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Hundreds of Migrants Try Again to Storm Eurotunnel

  • VOA News

Migrants wait next to the Eurotunnel area as they attempt to access the Channel Tunnel, in Calais, northern France, Wednesday, July 29, 2015.

Migrants wait next to the Eurotunnel area as they attempt to access the Channel Tunnel, in Calais, northern France, Wednesday, July 29, 2015.

A few hundred migrants have tried once again to enter the Eurotunnel terminal in Calais, France, in week of chaotic attempts to get from continental Europe to Britain.

The number of people attempting to enter the tunnel was less than earlier in the week. Monday night saw 2,000 people trying to rush the railway tunnel, and on Tuesday night more than 1,500 made the attempt.

At least one migrant died early Wednesday after being hit by a truck. That brings to nine the number of people who have died trying to cross from Calais, a port city in northern France, into England since early June.

French authorities deployed more than 100 riot police late Wednesday to bolster security personnel. Hundreds of migrants have been trying night after night to rush the railway tunnel leading to England.

Eurotunnel, the company that operates the tunnel between France and England, says it has blocked more than 37,000 migrants trying to cross illegally from continental Europe to Britain since the beginning of the year.

Eurotunnel announced the total Wednesday, saying France and Britain need to do more to help Eurotunnel cope with the rising numbers of migrants flooding into the area.

As many as 10,000 migrants from Africa, the Middle East and beyond are living in squalid encampments in and near Calais, a city of 70,000. Observers say their push to enter the 50-kilometer undersea tunnel intensified in recent weeks after authorities stepped up port security to block migrants from stowing away on Britain-bound vessels.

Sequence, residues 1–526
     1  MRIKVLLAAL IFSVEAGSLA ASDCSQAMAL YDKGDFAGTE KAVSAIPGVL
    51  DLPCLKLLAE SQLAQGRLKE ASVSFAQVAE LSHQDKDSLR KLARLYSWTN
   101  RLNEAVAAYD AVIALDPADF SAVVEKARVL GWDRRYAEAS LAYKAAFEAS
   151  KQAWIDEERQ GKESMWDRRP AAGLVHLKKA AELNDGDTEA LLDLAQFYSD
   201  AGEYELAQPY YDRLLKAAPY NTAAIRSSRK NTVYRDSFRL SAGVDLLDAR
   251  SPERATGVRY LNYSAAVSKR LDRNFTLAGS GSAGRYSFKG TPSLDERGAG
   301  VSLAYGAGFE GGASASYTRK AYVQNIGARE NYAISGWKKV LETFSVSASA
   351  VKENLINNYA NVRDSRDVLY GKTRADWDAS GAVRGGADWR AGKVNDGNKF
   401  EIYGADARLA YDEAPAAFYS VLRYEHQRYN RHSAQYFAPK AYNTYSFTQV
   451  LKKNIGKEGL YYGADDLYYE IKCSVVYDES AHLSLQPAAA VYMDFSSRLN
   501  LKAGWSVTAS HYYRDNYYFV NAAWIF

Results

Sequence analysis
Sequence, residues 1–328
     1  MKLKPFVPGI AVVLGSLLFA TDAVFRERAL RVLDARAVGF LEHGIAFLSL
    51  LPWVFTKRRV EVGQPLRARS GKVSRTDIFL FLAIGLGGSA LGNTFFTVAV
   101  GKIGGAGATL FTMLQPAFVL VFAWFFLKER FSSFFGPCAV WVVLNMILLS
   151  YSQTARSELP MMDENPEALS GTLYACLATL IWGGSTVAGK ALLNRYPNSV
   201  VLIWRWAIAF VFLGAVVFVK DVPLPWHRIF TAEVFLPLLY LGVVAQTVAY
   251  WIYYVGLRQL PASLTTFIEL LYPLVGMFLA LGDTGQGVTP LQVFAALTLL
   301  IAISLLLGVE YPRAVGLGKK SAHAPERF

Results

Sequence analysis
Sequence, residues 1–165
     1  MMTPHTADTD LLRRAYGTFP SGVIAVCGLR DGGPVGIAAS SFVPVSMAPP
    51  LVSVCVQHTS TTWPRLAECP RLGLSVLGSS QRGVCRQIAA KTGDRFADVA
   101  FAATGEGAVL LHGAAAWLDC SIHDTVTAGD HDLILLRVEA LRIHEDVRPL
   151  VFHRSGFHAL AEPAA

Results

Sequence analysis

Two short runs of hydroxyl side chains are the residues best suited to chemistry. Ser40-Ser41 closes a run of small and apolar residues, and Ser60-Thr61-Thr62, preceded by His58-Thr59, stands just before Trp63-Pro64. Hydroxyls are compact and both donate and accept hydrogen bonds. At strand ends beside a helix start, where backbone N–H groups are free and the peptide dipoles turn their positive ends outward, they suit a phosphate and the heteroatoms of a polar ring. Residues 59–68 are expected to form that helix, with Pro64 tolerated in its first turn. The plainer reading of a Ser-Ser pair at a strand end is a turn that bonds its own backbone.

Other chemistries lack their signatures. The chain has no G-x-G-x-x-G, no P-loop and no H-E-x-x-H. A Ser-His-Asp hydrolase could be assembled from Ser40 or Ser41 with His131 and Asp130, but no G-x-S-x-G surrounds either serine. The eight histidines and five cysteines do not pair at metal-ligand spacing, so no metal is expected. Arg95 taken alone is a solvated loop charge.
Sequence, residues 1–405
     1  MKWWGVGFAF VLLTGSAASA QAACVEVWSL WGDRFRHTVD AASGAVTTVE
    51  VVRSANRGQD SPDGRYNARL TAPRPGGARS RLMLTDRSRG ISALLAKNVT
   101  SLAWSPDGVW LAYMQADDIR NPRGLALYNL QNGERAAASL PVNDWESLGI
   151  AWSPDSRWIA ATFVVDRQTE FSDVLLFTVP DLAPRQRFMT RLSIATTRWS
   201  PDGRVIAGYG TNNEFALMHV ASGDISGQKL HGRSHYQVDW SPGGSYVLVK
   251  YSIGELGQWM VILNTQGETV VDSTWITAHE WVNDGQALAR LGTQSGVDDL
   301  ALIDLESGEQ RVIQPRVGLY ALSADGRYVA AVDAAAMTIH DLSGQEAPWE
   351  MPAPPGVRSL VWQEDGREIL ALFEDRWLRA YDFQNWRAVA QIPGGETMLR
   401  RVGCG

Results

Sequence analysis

British Prime Minister David Cameron, who is currently in Singapore, said Britain is doing everything it can, cooperating with France, to prevent disturbances at the Eurotunnel site. But the problem has soured relations between the two nations, each blaming the other for failing to cope with the crisis. The mayor of Calais, Natacha Bouchart, has complained about the cost of added security and demanded a meeting on the matter with British officials.

The biggest confrontation of the week, on Monday, caused major delays in Eurotunnel service for much of Tuesday.

French Interior Minister Bernard Cazeneuve, speaking Tuesday, told the French news agency that police made some arrests, but he did not offer details. His counterpart, British Home Secretary Theresa May, said her government will put up an additional $10.8 million to help France secure the Eurotunnel site with new fencing.

British Prime Minister David Cameron has rebuffed attempts by European leaders to force Britain to take quotas of refugees who have crossed the Mediterranean in search of better lives.

Pressed at an EU summit by Germany, Italy and other nations to take more refugees flooding the continent, Cameron invoked an EU procedure to block those demands. Other European leaders eventually agreed to resettle 60,000 refugees on a voluntary basis.

Britain's Guardian newspaper says as many as 150 migrants are arriving daily in Calais, triggering high-level warnings that as many as 10,000 migrants could try to enter Britain by the end of August.

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